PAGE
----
By: Gwen Moran
Published: July 8, 2010
A short sale is far from hassle-free, but it’s a better alternative than foreclosure. And now you’ve got a little help from your friends in D.C. Here are the facts about short sales and how to get started.
Short sales get government incentives
Although short sales are not hassle-free, at least you’ve got the government backing you. The Home Affordable Foreclosure Alternatives (HAFA) program provides financial incentives for lenders and borrowers to avoid foreclosure through short sales or deeds in lieu of foreclosures.
Participation in the HAFA program requires adherence to guidelines–including a standard process and minimum timeframes–that speed the process, says Dallas-based REALTOR® Tom Branch, co-author of Avoiding Foreclosure: The Field Guide to Short Sales. The HAFA program is for homeowners who can’t keep their homes with the help of a loan modification.
Advantages of a short sale
- You can be a homeowner again more quickly with a short sale in your past than with a foreclosure. New Fannie Mae guidelines help you qualify for a new mortgage in as little as two years after a short sale, as opposed to up to seven years after a foreclosure.
- You will have more time to make relocation plans and save money than with a deed in lieu. A short sale may take four to 12 months. A deed in lieu of foreclosure arrangement typically requires you vacate your home within 30 to 60 days of signing, according to real estate attorney Lance Churchill.
- You can receive up to $3,000 from your lender for moving expenses at the time of closing of a HAFA short sale or a HAFA deed in lieu of foreclosure. Relocation funds are part of the incentives of HAFA, but not necessarily for other short sale or deed in lieu programs of the lenders.
- You can help your community’s home values. Because the lender often receives a higher amount of the remaining loan balance than it would from the sale of a home after a foreclosure, short sales help support home values in the surrounding community.
Disadvantages of a short sale
- Your credit score will take a severe hit. But that would happen anyway with a foreclosure. Fair Isaac, creator of the FICO score, says foreclosure and short sales have virtually identical impacts on your credit score. VantageScore–a company that has created a credit score model for consumers–says a short sale will lead to only a marginally lighter hit when compared with foreclosure.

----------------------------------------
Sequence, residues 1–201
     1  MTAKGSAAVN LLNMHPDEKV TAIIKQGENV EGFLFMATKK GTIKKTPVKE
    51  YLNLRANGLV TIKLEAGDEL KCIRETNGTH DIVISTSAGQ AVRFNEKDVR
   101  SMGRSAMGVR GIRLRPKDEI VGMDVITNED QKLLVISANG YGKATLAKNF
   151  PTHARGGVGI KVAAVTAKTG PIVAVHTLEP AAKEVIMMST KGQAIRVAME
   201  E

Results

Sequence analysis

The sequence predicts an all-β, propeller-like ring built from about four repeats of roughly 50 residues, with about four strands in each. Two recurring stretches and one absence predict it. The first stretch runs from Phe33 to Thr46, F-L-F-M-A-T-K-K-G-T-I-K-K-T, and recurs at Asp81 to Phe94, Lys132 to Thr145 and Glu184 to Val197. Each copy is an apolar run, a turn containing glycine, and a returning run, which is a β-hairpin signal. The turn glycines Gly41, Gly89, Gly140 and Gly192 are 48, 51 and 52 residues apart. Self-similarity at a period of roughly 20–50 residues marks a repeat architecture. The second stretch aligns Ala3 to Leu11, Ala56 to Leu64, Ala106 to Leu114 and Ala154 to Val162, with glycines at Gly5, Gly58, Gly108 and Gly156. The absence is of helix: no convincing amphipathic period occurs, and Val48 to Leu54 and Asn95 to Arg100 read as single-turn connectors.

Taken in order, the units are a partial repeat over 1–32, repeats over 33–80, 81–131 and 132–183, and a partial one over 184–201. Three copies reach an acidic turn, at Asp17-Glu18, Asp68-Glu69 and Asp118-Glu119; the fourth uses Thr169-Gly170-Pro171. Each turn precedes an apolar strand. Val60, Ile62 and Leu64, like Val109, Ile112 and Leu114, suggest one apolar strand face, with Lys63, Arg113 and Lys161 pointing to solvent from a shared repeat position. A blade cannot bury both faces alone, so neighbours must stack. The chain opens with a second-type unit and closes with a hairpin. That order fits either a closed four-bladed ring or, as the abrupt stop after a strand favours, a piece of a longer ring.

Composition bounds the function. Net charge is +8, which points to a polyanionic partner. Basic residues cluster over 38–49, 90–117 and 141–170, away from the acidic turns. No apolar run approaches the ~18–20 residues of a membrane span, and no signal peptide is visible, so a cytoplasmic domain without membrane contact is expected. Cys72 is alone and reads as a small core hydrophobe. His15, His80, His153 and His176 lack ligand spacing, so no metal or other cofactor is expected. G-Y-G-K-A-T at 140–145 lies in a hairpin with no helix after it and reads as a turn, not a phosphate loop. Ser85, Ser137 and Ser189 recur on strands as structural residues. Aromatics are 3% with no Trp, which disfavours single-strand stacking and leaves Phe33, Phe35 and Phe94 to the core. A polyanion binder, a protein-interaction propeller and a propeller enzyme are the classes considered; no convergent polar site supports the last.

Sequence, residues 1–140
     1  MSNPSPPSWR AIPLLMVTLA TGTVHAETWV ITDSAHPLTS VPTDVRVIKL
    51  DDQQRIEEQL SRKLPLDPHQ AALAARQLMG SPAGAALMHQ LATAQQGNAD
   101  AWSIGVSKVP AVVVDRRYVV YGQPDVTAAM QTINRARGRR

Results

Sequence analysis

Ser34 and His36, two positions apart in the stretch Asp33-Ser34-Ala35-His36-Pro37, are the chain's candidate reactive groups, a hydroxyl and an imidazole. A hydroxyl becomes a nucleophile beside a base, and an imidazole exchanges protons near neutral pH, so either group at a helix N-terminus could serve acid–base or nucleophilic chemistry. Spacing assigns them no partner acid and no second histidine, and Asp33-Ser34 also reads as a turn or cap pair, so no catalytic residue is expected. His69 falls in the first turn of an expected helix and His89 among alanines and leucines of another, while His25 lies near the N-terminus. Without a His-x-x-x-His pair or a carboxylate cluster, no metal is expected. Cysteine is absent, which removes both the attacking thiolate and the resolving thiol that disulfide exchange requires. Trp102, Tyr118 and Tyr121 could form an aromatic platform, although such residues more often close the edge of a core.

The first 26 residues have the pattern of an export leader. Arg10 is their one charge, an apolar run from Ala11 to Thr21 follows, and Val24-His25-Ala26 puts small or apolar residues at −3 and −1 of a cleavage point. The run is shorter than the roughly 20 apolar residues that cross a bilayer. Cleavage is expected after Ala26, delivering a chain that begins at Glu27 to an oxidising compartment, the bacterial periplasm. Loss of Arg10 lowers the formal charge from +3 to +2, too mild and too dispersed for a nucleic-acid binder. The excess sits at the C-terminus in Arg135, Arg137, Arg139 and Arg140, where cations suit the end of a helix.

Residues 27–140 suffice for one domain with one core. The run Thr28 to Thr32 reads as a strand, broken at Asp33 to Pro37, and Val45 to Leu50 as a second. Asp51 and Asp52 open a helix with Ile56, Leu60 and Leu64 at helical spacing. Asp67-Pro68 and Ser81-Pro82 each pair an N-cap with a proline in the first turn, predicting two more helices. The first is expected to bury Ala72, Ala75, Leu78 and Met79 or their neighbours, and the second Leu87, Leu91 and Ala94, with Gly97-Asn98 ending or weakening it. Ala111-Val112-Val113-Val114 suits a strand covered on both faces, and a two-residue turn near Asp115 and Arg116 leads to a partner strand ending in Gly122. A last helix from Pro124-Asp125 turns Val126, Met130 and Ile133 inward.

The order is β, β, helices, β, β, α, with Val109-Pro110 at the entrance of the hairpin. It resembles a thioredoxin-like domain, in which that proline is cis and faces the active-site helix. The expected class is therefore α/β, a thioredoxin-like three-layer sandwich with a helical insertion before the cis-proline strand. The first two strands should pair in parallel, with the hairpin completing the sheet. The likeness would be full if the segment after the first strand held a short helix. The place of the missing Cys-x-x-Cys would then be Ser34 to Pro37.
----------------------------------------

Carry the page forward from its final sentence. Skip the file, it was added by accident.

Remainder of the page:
- You may owe additional taxes. In the past, if your outstanding mortgage was $100,000 and your lender accepted a short-sale purchase offer of $90,000, you were liable for income tax on the forgiven $10,000, says Harlan D. Platt, economist and professor of finance at Northeastern University in Boston. However, the Mortgage Forgiveness Debt Relief Act of 2007, which runs through 2012, generally allows taxpayers to exclude income from the discharge of debt on their principal residence in some circumstances. Full relief is available only if the amount of forgiven debt doesn’t exceed the debt that was used to acquire, construct, or rehabilitate a principal residence. Consult a tax professional and an attorney to minimize or avoid this liability.
- In some states, your lender may still be able to come after you for the difference between the short sale price and the amount needed to pay off the mortgage. Your actual agreement with your lender and state and local laws and regulations spell out the details. Consult a tax professional and an attorney to minimize or avoid this liability.
How to proceed with a short sale
- Find a qualified REALTOR® experienced in short sales. Short sales are tough to navigate, and they’re further complicated by your loan type–FHA vs. Veterans Administration vs. conventional loans. Real estate agents who specialize in short sales will know the proper steps and order of the steps involved. They’ll also be able to navigate the many parties involved in the process and over-burdened loss mitigation departments. Look especially for agents who have Short Sales and Foreclosure Resource (SFR) Certification, which requires specialized training.
- Gather evidence to support your need for a short sale as opposed to a foreclosure. You’ll need to prove that you have little or no equity in your home, you’re behind on your payments, and you’re no longer able to afford your home. You’ll need to write a hardship letter to the lender describing your circumstances, such as a divorce, job loss, illness, death, or other event that has impacted your income.
A short sale can be a time-consuming process, but if you can avoid foreclosure, it’s worth it in the long run.
Gwen Moran has been writing about business, finance, and real estate for more than a decade. Her work has been published by Entrepreneur, Newsweek.com, Financial Planning, Woman’s Day, and The Residential Specialist. She bucks the cottage trend and lives in a Colonial near the Jersey Shore.